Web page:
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Retirement Planning: What Is the 4% Rule?

By John Maxfield - May 10, 2015 at 7:10AM

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The 4% rule tells you how much of your retirement portfolio can be spent each year without depleting it prematurely.

Given the possibility of severe market downturns in the future, how much of your retirement portfolio can you withdraw every year while still leaving enough to see you through life after work? The 4% rule is designed to answer this question.

The origins of the 4% rule
At one point, it was believed that the typical retiree could safely withdraw 5% of the original balance of their portfolio every year, adjusted upward for inflation, without fear of running out of money. Thus, if you saved $500,000 by the time you retired at the age of 65, then you could withdraw $20,000 the first year and then increase your withdrawal by roughly 3% each subsequent year to account for inflation.

But a groundbreaking paper published in 1994 proved this wrong. Using historical stock and bond market data to assess the impact of acute market downturns from 1926 to 1976, William Bengen found that a 5% withdrawal rate would, in many cases over the preceding decades, have depleted a person's retirement account prematurely.

After running through a number of scenarios, Bengen concluded instead that the safest withdrawal rate was 4%:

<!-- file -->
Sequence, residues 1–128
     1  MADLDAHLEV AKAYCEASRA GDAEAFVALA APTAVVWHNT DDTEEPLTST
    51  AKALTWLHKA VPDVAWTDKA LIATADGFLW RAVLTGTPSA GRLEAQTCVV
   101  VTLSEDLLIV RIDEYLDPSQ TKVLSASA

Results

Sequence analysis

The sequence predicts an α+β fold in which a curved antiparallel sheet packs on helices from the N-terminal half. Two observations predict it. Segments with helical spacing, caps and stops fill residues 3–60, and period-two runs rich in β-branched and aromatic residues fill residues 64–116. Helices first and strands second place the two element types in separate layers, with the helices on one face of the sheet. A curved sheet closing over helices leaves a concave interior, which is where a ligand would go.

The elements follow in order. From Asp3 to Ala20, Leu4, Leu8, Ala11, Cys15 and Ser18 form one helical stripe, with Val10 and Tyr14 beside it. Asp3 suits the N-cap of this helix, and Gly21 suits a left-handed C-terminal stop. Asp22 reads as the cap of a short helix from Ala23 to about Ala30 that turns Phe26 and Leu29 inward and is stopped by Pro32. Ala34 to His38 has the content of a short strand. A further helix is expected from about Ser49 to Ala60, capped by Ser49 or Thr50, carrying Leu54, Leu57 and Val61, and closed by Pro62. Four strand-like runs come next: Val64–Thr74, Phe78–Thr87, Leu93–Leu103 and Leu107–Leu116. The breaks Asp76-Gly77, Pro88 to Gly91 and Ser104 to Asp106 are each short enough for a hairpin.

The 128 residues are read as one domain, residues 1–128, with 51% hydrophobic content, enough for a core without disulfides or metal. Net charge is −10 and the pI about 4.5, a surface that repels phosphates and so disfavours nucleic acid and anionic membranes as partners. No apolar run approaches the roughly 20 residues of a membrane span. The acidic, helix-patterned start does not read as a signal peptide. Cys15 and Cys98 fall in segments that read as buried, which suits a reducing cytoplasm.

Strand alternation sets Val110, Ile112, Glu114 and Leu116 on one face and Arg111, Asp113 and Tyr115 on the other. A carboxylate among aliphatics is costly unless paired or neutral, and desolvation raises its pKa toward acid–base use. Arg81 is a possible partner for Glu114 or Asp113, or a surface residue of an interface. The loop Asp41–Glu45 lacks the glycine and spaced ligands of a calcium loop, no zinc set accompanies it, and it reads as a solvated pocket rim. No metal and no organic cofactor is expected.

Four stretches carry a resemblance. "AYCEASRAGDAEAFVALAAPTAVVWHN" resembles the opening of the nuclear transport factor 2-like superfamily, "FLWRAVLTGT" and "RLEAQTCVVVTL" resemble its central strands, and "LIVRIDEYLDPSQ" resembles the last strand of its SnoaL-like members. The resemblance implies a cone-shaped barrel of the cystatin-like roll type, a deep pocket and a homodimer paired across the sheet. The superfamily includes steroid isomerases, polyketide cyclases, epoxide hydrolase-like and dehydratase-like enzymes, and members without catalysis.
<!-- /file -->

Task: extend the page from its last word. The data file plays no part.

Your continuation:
Assuming a minimum requirement of 30 years of portfolio longevity, a first-year withdrawal of 4 percent, followed by inflation-adjusted withdrawals in subsequent years, should be safe. In no past case has it caused a portfolio to be exhausted before 33 years, and in most cases it will lead to portfolio lives of 50 years or longer.

It's worth pointing out that when Bengen says "in no past case," he's referring not only to the severe market downturn in 1973-1974, during which stocks dropped by 37%, but also to the entirety of the Great Depression, when the value of stocks dropped by 61% between 1929 and 1931 and by 33% from 1937 to 1941.

Applying the 4% rule
There are two ways people who are preparing for retirement can use this now widely accepted benchmark.

In the first case, if you're already on the eve of retiring, it tells you how much of your savings can be safely withdrawn each year while still allowing your portfolio to last for a minimum of 30 years -- namely, 4% of the original balance in the first year, followed by the same amount in later years adjusted upward by inflation.

Alternatively, if you still have time before reaching retirement, you can work backwards using the 4% rule to calculate how much you need to save in order to support a given lifestyle. To do so, simply take your desired income in retirement, less your anticipated Social Security benefits, and multiply the figure by 25.

For example, if you think you'll spend $50,000 a year in retirement above and beyond your projected Social Security benefits, then the 4% rule dictates that you'll need a $1.25 million balance in your retirement portfolio (25 times $50,000) by the time you leave the workforce.

At the end of the day, of course, there are no guarantees in life -- and that includes the 4% rule. That being said, given the stringent scenarios used to test it, I believe people can and should use it as a central guidepost to determine how much to save for, and spend in, retirement.

 

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